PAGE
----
H.264, also known as Advanced Video Encoding (AVC), has long been the dominant video compression standard. Today most live streaming platforms use it for playback, and it’s still the codec of choice for over 90 percent of video industry developers. But there’s been a lot of buzz in recent years about H.265, or High-Efficiency Video Coding (HEVC).
Not sure which standard for video compression you should use for your productions – H.264 vs. H.265? Read on to understand the differences between these two codecs.
H.265 compared to H.264
The H.265 codec compresses information more efficiently than H.264, resulting in files of comparable video quality that are about half the size.
The benefits of this are twofold: H.265 video files don’t take up as much storage space, and they require less bandwidth to stream. This is a big advantage especially when it comes to storing and streaming 4K video and other high-resolution video content.
What accounts for this difference is how each video compression standard processes frames. H.264 uses what are called macroblocks, processing units that span 4×4 to 16×16 pixels. H.265 uses a newer block structure called coding tree units (CTUs), which can process sizes of up to 64×64 pixels.
There are other technological enhancements at work, such as superior motion compensation and spatial prediction. But the shift from macroblocks to CTUs is the most significant contributor to H.265’s greater efficiency.
H.264 vs. H.265: Average bandwidth required per resolution
|480p||1.5 Mbps||0.75 Mbps|
|720p||3 Mbps||1.5 Mbps|
|1080p||6 Mbps||3 Mbps|
|4K||32 Mbps||15 Mbps|
Is quality worse for H.265 vs. H.264?
No. That’s the great thing about H.265, and the big reason why it’s seen as the successor to H.264. Effectively, H.265 results in files that are roughly half the size and about the same image quality as H.264.
There’s a catch, of course: H.265’s higher efficiency comes with a steeper computational power requirement. But that’s becoming less and less of an issue as time goes on.
H.264 vs. H.265: Which is better?
The whole point of H.265 is to succeed H.264. So why isn’t everyone using it?
What H.265 offers in efficiency it demands in processing power. Advanced hardware is needed not only to create H.265 video files but also to decode them for playback. This limits who can benefit from H.265’s superior efficiency to those with the right gear. It’s why H.264 is still the go-to codec for many.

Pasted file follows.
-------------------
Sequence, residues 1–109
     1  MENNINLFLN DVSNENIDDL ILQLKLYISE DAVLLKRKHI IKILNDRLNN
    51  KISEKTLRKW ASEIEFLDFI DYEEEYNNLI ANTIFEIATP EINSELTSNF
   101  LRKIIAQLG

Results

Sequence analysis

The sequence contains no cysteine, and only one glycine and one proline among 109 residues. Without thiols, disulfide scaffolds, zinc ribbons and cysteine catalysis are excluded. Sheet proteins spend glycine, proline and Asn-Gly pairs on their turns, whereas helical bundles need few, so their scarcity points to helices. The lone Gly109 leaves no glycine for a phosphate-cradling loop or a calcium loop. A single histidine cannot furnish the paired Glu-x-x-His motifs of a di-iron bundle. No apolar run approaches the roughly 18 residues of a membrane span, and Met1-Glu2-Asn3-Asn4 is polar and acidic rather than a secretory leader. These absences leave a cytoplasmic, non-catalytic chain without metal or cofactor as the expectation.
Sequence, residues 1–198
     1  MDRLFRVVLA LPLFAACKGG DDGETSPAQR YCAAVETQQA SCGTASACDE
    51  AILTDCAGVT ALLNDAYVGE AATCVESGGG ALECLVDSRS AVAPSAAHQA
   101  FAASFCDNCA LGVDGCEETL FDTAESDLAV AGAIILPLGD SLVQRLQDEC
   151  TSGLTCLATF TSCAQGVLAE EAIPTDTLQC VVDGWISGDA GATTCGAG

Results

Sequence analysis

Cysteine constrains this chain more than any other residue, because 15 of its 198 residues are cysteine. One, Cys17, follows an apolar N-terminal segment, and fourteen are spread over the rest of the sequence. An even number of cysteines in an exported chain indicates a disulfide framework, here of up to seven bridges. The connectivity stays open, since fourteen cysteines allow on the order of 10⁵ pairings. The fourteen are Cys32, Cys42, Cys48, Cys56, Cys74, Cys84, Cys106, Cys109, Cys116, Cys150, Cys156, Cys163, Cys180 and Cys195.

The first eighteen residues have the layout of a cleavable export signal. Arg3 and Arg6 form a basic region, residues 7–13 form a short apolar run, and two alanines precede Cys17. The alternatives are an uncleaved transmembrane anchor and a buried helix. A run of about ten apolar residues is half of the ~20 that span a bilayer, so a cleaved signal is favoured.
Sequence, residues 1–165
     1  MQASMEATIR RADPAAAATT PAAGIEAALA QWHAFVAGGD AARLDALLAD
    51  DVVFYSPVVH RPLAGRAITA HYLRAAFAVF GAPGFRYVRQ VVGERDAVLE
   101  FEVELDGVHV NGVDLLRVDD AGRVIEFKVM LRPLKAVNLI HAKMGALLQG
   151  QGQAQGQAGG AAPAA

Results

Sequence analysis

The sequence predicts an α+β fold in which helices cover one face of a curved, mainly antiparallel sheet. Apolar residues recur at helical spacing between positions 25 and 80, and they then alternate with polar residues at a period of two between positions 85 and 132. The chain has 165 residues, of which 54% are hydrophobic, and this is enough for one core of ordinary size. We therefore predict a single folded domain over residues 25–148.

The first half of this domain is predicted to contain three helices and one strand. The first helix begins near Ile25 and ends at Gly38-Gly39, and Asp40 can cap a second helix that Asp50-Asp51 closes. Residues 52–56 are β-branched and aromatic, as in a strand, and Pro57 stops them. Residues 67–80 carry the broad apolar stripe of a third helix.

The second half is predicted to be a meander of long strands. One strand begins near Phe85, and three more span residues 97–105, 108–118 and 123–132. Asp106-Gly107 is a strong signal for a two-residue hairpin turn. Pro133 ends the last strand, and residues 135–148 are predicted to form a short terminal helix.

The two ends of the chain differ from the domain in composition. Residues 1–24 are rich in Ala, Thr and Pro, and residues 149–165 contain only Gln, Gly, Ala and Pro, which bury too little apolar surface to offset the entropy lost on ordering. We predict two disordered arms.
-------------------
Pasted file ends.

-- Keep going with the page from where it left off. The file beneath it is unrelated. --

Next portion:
That said, there are plenty of current-day video applications where H.265 encoding is an asset, particularly those involving 4K. Plus, the number of content consumers with H.265-capable hardware continues to grow. It’s only a matter of time before H.265 fulfills its purpose and succeeds H.264.
It’s a term you’ll hear often in the streaming world and probably use a fair bit yourself. But what even is a “codec”?
A video codec is a process for compressing and decompressing video data. There are also audio codecs that do the same for audio. The term itself is a combination of the words “coding” and “decoding.”
Codecs are often confused with containers. For video files, that means formats like AVI, MOV, or MP4. The difference is this: A container holds the compressed video and audio and any other components of the file, such as any metadata or subtitles. The codec comes into play at the start, determining how the raw footage and sound are compressed within the container, and decodes the file for playback as needed.
There are lots of different video codecs out there. MPEG-2, JPEG2000, and VP9 are just a few you might hear about. But out of all of them, H.264 and H.265 get the most attention by far.
Codecs come in two classes: lossless and lossy. During playback, lossless codecs completely reconstruct the compressed data while lossy codecs serve up only an approximation. It’s a trade-off between quality and playback experience, with lossy codecs offering much smoother playback that might include interpolation and other compression artifacts. Streaming lossless media isn’t feasible for most Internet connections, which is why lossy codecs like H.264 and H.265 prevail online.